241470.fig.003
Figure 3: Dielectric relaxation of Ce𝑥Hf1𝑥O2 observed in C-V measurements (Figure 2) can be fitted by the HN relationship. The cross-symbols are the measured data and the solid line is from HN relationship given by (7).

For comparison to the Ce𝑥Hf1𝑥O2 results shown in Figure 3, the k-f data from the La𝑥Zr1𝑥O2 thin films are shown in Figure 4. The square symbols are the measured data from La0.09Zr0.91O2 where the solid line is modeled from the HN law. The diamond symbols, triangle symbols, and circle symbols are experimental data from the La𝑥Zr1𝑥O2 thin films with doping levels of 22%, 35%, and 63%, where the solid lines are all simulated using the CS law. The parameters (α, τ, and n) used are also listed in the figure.

241470.fig.004
Figure 4: k-f data taken from the measurement C-f curves of La𝑥Zr1𝑥O2 thin films. The square symbols are measured from La0.09Zr0.91O2, and the solid line is modeled according to the HN law. The diamond symbols, triangle symbols, and circle symbols are tested, respectively, from the La𝑥Zr1𝑥O2 with doping levels of 22%, 35%, and 63%, and solid lines in these cases are all simulated using the CS law. The parameters of CS and HN laws (𝛼, 𝜏, and 𝑛) are shown in brackets.

Figure 4 summarizes the frequency dependence of k-values for different La concentrations 𝑥. The zirconia thin film with an La concentration of 𝑥=0.35 had a relatively flat frequency response and a k-value of ~17 (on average). In the same way the La-doped zirconium oxides with doping level of 22% and 63% showed average values of 14 and 11, respectively. In contrast the lightly doped sample (9%) had a substantially increased k-value but suffered from a more severe dielectric relaxation. A k-value of 35 was obtained at 1 kHz, but this value was found to reduce to a k-value of 25 at 1 MHz.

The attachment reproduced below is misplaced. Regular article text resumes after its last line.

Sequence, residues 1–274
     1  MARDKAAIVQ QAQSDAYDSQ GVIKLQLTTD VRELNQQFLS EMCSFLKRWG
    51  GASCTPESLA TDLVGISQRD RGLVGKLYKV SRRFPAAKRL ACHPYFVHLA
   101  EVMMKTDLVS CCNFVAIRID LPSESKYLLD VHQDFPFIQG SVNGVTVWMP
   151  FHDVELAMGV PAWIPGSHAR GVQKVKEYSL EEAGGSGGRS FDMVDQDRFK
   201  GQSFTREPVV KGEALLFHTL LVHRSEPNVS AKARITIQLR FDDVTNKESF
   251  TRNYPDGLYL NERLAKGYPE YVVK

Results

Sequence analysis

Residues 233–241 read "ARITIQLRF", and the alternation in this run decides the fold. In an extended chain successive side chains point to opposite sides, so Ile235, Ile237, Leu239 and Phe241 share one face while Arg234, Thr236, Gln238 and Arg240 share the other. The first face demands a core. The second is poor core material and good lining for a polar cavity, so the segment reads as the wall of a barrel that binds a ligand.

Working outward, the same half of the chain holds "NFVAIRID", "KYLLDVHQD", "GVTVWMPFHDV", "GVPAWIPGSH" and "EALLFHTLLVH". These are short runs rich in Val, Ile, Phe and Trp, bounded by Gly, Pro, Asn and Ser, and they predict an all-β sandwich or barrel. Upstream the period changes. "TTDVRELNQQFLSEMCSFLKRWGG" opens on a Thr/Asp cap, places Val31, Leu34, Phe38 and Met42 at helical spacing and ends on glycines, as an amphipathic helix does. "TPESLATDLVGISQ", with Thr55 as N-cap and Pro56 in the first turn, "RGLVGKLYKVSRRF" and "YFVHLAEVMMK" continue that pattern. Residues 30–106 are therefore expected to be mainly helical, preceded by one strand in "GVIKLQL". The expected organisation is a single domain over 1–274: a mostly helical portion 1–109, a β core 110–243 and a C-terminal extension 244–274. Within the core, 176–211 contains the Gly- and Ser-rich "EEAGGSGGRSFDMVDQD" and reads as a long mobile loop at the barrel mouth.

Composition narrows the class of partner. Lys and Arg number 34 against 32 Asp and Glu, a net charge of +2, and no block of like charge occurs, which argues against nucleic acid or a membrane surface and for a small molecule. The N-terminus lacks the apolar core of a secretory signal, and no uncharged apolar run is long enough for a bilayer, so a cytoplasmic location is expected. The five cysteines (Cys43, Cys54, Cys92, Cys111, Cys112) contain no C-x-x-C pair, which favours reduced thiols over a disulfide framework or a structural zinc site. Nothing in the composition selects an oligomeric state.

The k-f relationship of the La𝑥Zr1𝑥O2 with the doping level of 9% is better modeled by the HN law (rather than the CS law), and the relaxation parameter 𝛼, 𝛽1, and the relaxation time τ are 0.67, 0.53, and 2.56×105s, respectively. The k-values of the La𝑥Zr1𝑥O2 dielectrics (𝑥=0.22, 0.35, and 0.63) clearly show power-law dependence on frequency (f) and may be modeled using the CS law, 𝑘𝑓𝑛1 (0 ≤ n ≤ 1), where the value of the exponent (n) indicates the degree of dielectric relaxation [6]. 𝑛 values of 0.981, 0.98, and 0.985 are obtained for La compositions (x) of 0.22, 0.35, and 0.63, respectively. Comparing 𝑛 values to k-values, it seems that the larger k-value suffers from more severe dielectric relaxation (smaller 𝑛 value). The largest k-value appears in La0.09Zr0.91O2, but the most severe dielectric relaxation occurs, and this could be directly related to the size of crystal grains formed during annealing [25].